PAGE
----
London, UK (Scicasts) — It has certainly not been just any old year in the world of marketing. In 2015, the number of jobs involving digital marketing skills grew by 40% (General Assembly) and a whole host of developments mean we really have to redefine what is now considered mainstream.

We are delving into what happened in 2015 and how you can turn these trends into your advantage in 2016.

1. The world goes ‘mobile first’

It’s official, 2015 saw mobile searches overtake desktop searches. The trend of increasing on-the-go-Googling even led the search engine giant to roll out their new search algorithm, dubbed by some as ‘Mobilegeddon’. Basically, if your website is not optimized for mobile viewing, prepare to lose out on your search ranking.

Mobile may be on the up, but that doesn’t mean desktop is dying out. A typical pattern now being observed is people begin searches on their phone but pick up from where they left off later on their desktop. It has now gone beyond mere bookmarking; Mac iOS introduced ‘hand-off’, which makes switching content between devices pretty seamless.

In essence, what Google and Apple are doing is gearing up their products to work in harmony with our own user journeys. They know a better user experience strikes straight at the very heart of loyalty.

What this means for 2016 marketing

It’s time to get more mobile focused. Phones are now, more often than not, the first place people will look for information. If your content is not mobile responsive, a whole audience segment may just pass you by. The same goes if you still have a reliance on traditional desktop ads.

2. Attention spans are growing

In the top 500 most-saved articles on Pocket from the first half of 2015, the average article length is 3,190 words, taking about 15 minutes to read. That may come as a surprise when we are continually led to believe attention spans are now dead.

In fact, Google’s own Matt Cutts is now recommending a minimum of 600-700 words for content in order to keep webpages in the search engine’s favour.

The simple fact is people want to engage with stories. This is the way it has always been and digital marketing is now beginning to wake up to it. In fact, 69% of marketers are now creating more content than last year, according to the Content Marketing Institute.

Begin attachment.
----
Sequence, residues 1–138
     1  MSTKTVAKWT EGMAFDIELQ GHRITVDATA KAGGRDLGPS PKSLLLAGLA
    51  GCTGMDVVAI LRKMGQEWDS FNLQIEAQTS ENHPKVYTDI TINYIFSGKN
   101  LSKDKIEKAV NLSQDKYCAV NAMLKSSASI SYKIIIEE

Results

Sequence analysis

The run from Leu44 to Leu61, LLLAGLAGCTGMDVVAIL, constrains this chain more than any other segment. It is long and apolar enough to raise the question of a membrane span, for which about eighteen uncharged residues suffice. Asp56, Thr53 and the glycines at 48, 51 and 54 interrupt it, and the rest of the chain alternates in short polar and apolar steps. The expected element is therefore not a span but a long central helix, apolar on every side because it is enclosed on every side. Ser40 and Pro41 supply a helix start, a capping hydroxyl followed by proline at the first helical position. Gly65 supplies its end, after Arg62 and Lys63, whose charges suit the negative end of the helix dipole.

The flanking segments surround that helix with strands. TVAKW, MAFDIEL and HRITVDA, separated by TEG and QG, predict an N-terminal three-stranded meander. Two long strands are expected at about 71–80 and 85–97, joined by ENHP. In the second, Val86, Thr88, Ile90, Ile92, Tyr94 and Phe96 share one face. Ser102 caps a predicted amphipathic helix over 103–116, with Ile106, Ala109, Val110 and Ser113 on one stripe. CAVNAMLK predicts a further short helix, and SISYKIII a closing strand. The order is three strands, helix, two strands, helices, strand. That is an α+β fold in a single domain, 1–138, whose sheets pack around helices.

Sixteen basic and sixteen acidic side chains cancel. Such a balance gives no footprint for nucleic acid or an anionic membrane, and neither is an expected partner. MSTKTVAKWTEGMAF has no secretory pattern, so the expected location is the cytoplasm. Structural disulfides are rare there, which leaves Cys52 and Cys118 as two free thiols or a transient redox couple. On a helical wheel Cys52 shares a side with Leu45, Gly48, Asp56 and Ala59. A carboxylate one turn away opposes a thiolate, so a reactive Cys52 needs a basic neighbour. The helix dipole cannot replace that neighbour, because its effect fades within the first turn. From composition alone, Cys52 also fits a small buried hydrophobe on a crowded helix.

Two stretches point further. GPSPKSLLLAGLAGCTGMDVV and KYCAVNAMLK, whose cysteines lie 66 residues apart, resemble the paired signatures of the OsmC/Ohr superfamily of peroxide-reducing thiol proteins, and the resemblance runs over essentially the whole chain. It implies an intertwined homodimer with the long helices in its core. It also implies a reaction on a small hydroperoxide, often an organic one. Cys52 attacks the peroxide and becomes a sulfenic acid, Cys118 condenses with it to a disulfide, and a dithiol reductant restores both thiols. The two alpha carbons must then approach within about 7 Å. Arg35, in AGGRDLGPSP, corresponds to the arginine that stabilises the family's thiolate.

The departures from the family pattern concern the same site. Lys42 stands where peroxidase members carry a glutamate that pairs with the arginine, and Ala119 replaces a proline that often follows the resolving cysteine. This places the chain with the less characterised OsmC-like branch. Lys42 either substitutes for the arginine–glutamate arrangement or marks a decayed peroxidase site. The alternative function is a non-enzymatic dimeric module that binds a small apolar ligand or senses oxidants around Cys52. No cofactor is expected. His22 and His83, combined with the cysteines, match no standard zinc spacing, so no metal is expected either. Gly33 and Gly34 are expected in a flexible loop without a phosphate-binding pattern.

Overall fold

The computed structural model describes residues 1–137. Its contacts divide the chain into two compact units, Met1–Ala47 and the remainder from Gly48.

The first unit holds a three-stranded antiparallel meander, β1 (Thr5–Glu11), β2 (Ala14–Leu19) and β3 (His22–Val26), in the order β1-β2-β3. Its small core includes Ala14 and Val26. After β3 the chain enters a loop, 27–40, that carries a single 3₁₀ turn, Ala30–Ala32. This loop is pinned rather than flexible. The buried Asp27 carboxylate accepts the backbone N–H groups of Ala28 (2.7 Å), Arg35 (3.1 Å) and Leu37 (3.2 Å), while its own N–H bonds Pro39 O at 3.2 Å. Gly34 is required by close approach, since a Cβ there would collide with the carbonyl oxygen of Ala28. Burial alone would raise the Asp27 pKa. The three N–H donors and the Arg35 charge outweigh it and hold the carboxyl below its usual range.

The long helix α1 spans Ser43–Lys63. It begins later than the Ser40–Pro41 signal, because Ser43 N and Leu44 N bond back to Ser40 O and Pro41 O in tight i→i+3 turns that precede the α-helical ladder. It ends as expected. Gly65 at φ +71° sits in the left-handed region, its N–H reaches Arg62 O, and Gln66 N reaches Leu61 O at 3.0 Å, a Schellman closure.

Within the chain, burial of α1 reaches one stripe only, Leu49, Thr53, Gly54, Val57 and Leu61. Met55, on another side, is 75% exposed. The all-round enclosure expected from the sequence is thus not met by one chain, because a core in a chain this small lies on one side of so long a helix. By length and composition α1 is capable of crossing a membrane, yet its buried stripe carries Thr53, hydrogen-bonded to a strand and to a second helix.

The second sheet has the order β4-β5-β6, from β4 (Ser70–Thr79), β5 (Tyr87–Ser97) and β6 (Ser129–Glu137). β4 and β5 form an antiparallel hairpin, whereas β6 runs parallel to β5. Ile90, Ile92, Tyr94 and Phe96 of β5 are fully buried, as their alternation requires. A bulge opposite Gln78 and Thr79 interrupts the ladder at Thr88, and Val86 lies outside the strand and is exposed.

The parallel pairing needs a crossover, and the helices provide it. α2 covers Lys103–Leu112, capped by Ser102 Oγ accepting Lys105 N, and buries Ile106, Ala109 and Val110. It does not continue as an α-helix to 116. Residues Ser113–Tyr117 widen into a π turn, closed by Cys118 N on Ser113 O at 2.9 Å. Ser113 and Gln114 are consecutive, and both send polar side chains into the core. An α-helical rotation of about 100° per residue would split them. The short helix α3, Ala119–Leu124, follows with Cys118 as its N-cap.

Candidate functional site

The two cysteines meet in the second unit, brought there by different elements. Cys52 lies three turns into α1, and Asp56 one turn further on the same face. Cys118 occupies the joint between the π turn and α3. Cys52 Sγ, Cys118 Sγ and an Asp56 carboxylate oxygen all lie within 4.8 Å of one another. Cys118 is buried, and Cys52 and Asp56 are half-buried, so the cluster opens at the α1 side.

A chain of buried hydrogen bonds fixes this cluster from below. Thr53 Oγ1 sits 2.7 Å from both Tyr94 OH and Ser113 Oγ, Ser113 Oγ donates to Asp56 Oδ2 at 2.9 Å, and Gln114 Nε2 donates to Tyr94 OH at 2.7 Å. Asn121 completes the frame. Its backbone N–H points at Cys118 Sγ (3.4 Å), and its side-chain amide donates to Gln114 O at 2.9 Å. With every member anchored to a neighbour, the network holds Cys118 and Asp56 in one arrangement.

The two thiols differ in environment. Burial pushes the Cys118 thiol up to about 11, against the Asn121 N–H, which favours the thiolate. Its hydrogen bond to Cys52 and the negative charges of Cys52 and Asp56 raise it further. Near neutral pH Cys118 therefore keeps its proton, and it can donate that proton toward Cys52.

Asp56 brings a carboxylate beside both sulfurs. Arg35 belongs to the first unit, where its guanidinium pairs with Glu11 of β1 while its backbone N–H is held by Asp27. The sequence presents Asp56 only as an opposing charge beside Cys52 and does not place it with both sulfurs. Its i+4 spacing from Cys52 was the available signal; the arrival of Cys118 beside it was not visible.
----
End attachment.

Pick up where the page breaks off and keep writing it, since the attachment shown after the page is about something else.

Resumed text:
At the same time, uptake has shot up on visual networks such as Instagram and Snapchat, demonstrating variety really is the best policy.

What this means for 2016 marketing

People do not like to be sold to but they do like to buy based on their own decision-making. Content marketing is the most effective way of educating, inspiring and entertaining. It is no longer an aspect of digital marketing; it’s now mainstream and the successful brands will be those fully embracing it in 2016.

3. Pull don’t push

One-way message broadcasting is the old school of marketing. Brands are now closing the gap between themselves and the consumer by becoming more empathetic and speaking more to their needs, values and aspirations. In a world where consumer voice is louder than ever, authenticity will resonate far more than forced messages.

A steep rise in native advertising was also seen in 2015. This is content produced by a brand that fits with the style of the platform on which it’s hosted. Whereas advertorials were previously the go-to approach, this type of sponsored content has the intent purpose of generating interest and discovery, without the hard sell.